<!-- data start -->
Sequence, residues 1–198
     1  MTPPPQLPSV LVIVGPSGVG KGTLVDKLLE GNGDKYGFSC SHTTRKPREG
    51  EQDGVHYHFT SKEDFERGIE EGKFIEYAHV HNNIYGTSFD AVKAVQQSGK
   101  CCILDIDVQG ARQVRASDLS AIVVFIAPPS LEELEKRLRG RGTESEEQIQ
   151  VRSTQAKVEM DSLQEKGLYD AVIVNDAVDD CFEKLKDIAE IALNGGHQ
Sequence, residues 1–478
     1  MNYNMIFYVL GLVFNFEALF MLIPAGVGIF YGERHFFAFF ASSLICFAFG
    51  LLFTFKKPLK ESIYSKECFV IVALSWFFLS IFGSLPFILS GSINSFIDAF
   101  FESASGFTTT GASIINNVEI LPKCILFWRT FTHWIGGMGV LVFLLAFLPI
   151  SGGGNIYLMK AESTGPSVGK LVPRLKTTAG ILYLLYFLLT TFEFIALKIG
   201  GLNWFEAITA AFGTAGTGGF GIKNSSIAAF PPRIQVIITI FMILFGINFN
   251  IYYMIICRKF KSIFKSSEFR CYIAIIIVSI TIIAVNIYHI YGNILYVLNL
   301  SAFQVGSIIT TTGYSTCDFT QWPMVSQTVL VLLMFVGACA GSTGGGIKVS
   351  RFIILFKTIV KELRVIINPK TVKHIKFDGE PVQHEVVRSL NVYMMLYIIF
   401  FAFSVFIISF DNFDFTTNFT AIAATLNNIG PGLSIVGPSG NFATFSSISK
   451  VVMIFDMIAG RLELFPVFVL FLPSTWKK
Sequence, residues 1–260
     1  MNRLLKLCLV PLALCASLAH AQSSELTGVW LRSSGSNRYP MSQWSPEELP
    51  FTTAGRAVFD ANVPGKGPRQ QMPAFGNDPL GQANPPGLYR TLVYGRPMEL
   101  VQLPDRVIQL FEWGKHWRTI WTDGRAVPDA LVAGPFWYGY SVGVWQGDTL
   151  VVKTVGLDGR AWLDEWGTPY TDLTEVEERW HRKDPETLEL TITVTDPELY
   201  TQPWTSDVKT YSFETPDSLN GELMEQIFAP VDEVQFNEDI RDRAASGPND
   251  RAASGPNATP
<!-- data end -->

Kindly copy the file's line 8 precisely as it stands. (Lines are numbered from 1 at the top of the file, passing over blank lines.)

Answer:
    51  LLFTFKKPLK ESIYSKECFV IVALSWFFLS IFGSLPFILS GSINSFIDAF